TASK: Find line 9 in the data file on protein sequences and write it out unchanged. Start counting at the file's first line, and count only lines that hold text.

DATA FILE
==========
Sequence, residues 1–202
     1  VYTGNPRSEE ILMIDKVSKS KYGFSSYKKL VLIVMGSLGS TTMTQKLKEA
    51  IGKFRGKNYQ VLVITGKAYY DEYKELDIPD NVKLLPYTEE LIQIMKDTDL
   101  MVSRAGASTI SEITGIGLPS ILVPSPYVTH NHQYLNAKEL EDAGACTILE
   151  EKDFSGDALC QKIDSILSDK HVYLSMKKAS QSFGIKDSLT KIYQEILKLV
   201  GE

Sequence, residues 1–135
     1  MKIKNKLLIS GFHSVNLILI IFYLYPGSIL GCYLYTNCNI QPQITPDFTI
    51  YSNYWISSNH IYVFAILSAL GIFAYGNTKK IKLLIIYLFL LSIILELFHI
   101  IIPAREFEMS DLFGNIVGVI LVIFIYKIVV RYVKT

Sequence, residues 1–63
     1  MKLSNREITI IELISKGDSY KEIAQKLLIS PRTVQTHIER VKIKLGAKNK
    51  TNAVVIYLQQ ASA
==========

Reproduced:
    51  YSNYWISSNH IYVFAILSAL GIFAYGNTKK IKLLIIYLFL LSIILELFHI